In this recent question Why is the double bass the only instrument in the violin family tuned in fourths?, there was this answer:

The early history (from about 1500 to 1850) of bass tunings are very variable, with anything from 3 to 6 strings and tunings in anything from thirds to fifths. Reference.

In the classical period, the virtuoso Domenico Dragonetti played a 3-string bass tuned C G D an octave below the cello, which was more or less the standard instrument that Haydn, Mozart and Beethoven wrote for.

The current "standard" (E A D G tuning with a string extension down to low C) is a relatively modern invention.

This answer has 6 upvotes and 1 downvote, but it doesn't address the question. The question is clearly about Why the bass is tuned in fourths. But this answer says this kind of tuning is relatively new, and earlier in history there were other tunings as well.

I flagged this post, but it was declined

declined - I don't think the questions presupposition of an explicit reason makes this answer less useful.

I do think that it is useful as a comment, but as an answer to the question per se, isn't it a bit useless?

  • 2
    The answer reads to me as "A bunch of different things have been used, we happened to settle on this." There's not a clear single originator with a clear single purpose.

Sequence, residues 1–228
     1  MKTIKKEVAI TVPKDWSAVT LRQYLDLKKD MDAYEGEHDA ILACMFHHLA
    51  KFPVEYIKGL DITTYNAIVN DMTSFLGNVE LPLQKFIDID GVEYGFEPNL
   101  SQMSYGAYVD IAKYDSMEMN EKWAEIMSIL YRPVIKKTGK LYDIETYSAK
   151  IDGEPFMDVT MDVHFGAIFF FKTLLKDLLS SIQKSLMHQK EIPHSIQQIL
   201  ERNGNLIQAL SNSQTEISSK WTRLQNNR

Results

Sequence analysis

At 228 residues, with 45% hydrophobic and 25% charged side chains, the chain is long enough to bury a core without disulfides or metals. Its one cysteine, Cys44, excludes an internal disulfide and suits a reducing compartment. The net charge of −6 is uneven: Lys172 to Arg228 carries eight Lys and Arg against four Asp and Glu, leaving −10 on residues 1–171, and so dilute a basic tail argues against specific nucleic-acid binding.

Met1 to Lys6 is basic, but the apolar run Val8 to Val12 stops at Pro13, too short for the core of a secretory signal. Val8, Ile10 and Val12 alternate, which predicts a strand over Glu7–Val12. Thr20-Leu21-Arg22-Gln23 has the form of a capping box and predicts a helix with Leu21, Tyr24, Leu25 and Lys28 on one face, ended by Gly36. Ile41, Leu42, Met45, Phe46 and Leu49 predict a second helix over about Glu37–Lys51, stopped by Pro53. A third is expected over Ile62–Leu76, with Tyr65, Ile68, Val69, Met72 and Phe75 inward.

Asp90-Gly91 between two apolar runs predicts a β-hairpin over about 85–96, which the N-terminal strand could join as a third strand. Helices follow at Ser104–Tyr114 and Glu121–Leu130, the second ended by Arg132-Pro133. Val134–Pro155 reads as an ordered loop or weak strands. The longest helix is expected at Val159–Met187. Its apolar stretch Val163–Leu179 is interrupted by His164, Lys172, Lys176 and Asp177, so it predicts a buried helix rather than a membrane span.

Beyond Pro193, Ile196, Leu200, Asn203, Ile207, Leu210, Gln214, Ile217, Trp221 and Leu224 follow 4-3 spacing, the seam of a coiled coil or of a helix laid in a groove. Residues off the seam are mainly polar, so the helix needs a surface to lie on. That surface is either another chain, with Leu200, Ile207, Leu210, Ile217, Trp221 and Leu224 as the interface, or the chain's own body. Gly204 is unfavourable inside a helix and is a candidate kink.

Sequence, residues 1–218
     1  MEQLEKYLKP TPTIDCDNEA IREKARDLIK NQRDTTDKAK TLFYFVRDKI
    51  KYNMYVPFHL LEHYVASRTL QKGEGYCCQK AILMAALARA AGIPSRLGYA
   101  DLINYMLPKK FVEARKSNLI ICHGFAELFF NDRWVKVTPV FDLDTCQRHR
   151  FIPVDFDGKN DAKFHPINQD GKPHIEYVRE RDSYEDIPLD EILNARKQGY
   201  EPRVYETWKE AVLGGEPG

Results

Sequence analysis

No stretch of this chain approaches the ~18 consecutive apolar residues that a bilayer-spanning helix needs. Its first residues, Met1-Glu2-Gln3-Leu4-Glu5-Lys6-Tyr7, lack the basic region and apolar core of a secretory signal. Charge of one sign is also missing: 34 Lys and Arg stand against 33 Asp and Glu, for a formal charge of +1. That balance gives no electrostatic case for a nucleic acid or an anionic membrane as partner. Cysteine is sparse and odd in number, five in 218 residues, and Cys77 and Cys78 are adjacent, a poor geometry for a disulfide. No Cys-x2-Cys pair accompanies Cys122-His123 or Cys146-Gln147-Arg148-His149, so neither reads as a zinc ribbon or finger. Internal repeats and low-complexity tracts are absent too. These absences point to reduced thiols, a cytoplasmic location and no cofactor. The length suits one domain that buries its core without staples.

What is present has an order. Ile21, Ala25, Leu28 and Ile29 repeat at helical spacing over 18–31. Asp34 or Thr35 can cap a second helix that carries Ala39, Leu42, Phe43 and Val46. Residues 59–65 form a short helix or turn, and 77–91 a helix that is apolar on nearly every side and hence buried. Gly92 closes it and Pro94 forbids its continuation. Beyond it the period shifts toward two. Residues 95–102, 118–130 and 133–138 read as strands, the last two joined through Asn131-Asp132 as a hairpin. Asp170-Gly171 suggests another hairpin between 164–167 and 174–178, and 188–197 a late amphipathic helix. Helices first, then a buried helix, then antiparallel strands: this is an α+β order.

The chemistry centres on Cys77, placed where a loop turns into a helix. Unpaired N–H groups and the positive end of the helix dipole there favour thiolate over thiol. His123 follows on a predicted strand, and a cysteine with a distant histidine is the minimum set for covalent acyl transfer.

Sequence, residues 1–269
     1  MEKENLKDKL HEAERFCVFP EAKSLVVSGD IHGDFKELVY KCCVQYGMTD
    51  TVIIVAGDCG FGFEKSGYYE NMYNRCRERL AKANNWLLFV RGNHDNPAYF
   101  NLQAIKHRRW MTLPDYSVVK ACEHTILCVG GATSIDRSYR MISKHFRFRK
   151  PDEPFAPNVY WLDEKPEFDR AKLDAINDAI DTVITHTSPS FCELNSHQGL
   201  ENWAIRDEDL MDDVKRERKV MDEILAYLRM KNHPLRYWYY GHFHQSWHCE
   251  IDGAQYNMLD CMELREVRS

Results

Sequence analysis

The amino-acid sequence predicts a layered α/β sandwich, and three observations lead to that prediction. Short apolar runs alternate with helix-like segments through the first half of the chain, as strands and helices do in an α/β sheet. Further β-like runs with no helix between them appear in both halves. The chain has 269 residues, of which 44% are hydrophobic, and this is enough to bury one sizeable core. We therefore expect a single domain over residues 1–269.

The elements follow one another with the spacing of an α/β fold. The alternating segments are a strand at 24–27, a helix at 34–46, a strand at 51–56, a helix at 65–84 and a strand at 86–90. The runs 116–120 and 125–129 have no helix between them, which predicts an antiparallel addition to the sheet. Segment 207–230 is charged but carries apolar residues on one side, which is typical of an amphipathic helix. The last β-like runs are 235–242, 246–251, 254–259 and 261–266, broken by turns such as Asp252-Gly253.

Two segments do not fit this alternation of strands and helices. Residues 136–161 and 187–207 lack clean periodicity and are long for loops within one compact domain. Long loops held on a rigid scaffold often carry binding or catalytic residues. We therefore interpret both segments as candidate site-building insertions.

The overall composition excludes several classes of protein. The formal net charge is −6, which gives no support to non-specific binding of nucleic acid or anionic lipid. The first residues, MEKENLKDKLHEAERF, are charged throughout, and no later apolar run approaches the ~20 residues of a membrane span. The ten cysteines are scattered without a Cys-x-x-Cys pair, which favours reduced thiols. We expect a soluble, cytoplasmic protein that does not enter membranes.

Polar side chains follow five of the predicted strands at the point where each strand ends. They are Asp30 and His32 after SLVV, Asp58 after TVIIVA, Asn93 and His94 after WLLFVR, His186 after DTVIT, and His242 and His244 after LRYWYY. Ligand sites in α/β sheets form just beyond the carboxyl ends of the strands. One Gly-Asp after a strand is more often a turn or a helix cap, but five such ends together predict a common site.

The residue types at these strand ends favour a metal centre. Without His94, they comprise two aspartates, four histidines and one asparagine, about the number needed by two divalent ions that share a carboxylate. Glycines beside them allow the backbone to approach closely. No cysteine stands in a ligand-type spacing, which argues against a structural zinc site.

– user28
    Jun 26, 2015 at 22:19
  • I think it was a good answer. I, personally, like a bit of context to the answers, so the user might've been adding to the previous answers, as an edit with this added info would've been rejected. Jul 3, 2015 at 4:52
  • Downvote it. This is what downvotes are for. the tooltip reads: "This question does not show any research effort; it is unclear or not useful". emphasis mine. that answer definitely falls in the unclear and not useful place. Aug 25, 2015 at 5:58

1 Answer 1


I wouldn't say useless, but I would say that the poster needs to draw a clear correlation between the information and addressing the question. The way it is currently written, it's implying that basses are tuned in 4ths because it is the most recent / current tuning style / preference for instrumentalists.

While I am unconvinced as to the validity of this correlation, such a correlation would need to be more clearly made before it could be refuted.

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